I had the good fortune to partake in a trip-of-a-lifetime expedition right here in Canada. I flew to Churchill, Manitoba, and participated in a Tundra Buggy Adventure Tour with Frontiers North tour company.
Churchill is located on the south shore of Hudson Bay and it’s here, in what’s known as the Polar Bear Capital of the World, that a large number of polar bears traditionally gather each year in late October and early November, awaiting the inevitable freeze. That’s when the largest land carnivores in North America wander out onto the frozen ice and spend the next several months hunting and eating their most cherished food: seals. The bears return to shore when the ice breaks up, usually in early July.
I soon discovered that polar bears rule in Churchill. There are many signs, murals, and statues devoted to bears. The street signs have polar bears on them, and even the “please do not disturb” sign at my hotel had a picture of a sleeping polar bear on it. There are posted warnings at the beach and around town cautioning about the danger, for these curious bears often come right into Churchill at this time of year. As a result, I learned that many locals leave their cars unlocked just in case someone needs to find a handy refuge!
The best and safest way to get as close as possible to these “Lords of the Arctic” is aboard a specially designed tundra buggy. I found this rugged vehicle to be surprisingly large and spacious. It’s equipped with both a washroom (necessary since the tour takes an entire day) and a propane stove, which provides welcome heat as it can be very cold out on the tundra. The windows can be opened to help capture those special photos, and there’s an outside viewing platform that can be used when the vehicle is stopped.
Ptarmigan Alley and Polar Bear Point
Our tundra buggy traveled along Ptarmigan Alley and Polar Bear Point, and we saw both ptarmigan and bear! It was that first sighting of a mammoth polar bear in the wild that was particularly euphoric to me. Judging by the sound of rapidly clicking cameras, it was the same for the others in the vehicle. Everyone seemed to want to preserve that first sighting!
There were several more sightings, of course. We saw bears walking along the shoreline and on patches of frozen ice, and learned that polar bears place their back paws in the exact spots where their front paws had been and that these mammoth creatures distribute their weight in such a way that they can walk on ice that’s too thin even for humans to walk on! We also saw bears burrowing in the kelp and in small accumulations of snow, making a kind of makeshift bed to take a rest. We even had the good fortune to witness large males sparring, or play-fighting, which is simply an exercise to prepare them for the upcoming hunt.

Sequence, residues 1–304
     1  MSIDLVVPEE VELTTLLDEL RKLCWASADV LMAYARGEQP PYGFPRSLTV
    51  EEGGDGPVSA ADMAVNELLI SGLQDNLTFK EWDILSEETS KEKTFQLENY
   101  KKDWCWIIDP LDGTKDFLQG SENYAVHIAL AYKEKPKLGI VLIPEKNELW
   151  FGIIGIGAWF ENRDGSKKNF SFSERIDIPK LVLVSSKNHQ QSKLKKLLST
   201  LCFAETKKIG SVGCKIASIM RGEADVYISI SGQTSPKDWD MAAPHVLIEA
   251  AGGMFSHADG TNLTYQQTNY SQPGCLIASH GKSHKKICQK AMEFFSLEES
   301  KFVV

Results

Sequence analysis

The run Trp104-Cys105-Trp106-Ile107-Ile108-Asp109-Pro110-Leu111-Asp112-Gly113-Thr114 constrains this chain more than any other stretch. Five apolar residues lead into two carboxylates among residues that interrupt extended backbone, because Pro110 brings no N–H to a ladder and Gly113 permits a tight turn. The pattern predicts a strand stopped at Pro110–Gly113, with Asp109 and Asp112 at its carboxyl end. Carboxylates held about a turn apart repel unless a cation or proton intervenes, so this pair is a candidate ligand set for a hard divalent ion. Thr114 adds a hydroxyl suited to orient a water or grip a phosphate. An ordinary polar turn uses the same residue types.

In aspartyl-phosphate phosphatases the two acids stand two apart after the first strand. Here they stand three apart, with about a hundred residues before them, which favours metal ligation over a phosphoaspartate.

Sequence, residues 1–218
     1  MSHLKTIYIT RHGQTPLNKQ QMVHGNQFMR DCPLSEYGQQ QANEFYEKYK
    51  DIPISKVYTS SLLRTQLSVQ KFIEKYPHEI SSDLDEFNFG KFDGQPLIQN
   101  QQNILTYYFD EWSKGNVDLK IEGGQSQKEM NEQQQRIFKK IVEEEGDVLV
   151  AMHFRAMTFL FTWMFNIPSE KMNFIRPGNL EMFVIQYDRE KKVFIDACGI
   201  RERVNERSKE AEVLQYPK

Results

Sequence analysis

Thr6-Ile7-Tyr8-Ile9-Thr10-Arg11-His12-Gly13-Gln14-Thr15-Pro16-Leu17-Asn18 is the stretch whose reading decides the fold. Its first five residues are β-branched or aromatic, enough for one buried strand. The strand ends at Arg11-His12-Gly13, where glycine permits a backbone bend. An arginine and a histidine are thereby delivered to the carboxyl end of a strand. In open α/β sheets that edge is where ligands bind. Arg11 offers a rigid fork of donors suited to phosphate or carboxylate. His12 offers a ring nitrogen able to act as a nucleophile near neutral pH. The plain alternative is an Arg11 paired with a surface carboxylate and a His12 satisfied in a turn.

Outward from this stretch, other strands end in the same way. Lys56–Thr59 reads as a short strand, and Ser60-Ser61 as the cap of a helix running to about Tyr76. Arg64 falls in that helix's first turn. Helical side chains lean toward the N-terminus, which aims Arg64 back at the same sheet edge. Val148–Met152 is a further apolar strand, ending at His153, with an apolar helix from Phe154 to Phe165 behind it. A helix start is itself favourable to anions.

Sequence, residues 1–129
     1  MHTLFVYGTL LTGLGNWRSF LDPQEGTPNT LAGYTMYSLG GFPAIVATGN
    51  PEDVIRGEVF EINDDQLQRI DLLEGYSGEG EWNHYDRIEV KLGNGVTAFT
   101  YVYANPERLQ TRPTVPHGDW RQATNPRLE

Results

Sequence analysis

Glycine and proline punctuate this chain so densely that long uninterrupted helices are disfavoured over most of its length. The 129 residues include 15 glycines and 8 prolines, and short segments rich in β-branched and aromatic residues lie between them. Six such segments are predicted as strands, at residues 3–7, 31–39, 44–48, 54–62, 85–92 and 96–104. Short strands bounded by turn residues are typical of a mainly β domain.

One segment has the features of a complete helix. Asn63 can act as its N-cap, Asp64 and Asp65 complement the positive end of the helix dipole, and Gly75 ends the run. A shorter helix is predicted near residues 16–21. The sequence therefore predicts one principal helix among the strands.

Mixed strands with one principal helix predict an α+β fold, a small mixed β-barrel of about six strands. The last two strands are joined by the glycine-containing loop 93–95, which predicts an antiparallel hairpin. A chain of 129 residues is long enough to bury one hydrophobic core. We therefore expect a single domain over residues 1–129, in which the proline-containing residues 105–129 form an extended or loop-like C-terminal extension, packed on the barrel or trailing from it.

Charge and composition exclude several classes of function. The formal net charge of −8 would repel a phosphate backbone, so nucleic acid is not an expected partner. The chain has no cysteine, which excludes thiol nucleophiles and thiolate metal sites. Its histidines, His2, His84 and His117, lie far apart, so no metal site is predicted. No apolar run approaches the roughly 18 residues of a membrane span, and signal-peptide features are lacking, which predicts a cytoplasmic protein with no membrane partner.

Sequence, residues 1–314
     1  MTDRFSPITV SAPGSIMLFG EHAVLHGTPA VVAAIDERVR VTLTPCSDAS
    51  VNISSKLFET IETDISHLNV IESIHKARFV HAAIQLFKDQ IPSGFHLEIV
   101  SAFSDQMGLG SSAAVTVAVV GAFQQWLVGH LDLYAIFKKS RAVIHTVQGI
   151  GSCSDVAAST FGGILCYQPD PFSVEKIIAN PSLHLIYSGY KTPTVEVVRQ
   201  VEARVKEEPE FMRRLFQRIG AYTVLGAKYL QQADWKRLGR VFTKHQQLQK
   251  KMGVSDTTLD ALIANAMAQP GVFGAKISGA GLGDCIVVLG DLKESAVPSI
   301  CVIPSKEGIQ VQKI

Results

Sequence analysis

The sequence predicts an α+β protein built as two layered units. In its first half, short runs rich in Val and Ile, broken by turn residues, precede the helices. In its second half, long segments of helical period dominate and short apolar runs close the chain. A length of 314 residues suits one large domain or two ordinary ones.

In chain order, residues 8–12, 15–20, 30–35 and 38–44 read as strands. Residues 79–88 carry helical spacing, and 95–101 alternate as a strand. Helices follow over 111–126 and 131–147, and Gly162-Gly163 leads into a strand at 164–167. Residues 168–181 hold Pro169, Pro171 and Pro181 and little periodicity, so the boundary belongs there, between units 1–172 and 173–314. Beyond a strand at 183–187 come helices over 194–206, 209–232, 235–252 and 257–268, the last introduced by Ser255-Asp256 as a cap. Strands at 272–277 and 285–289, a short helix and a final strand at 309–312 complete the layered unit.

We had lunch out there on the tundra, on a fantastically clear, sunny day, while the bears put on a show for us just outside the buggy’s windows. Polar bears are usually quite solitary creatures but this is their social season as they rest, cavort, and wait for Hudson Bay to freeze. Indeed, there’s something amazingly special about seeing these enormous, magnificent creatures in their natural habitat.
The bear-watching season is rather short and the tours are very popular, so I’d recommend booking far in advance. You probably won’t find any bargains during peak polar bear season, but you’ll never forget this awesome wildlife experience.
I also checked out the beautiful Town Centre Complex which contains the school, library, pool, cinema, bowling alley, curling rink, and children’s play area, the Parks Canada Visitor Reception Center featuring exhibits about the human and natural history of the area, the Eskimo Museum which displays sculptures of stone, bone, and walrus tusk and archaeological and wildlife specimens, and St. Paul’s Anglican Church, said to be the oldest church in the North that’s still in use.
Churchill grew from a remote outpost to a bustling seaport, and it later became a thriving military community. However, the base was decommissioned in the mid-1960s and tourism has become increasingly important to the survival of this tiny community.
There are no roads leading to Churchill, so one must fly in or take a train.
Despite its remoteness—or perhaps because of it—Churchill is becoming increasingly popular with birdwatchers, wildflower enthusiasts, and beluga whale fans during the summer months (but watch out for the bugs!) And in the winter months, tourists are treated to those colorful, artistic light show of the aurora borealis that occurs on cold, clear evenings.
However, if I had to choose a particular time to visit Churchill, it would be early November to see the awesome polar bears awaiting winter!
More information: www.travelmanitoba.com
Frontiers North: www.frontiersnorth.com
John M. Smith is a travel writer and photographer who resides in Ontario’s Prince Edward County.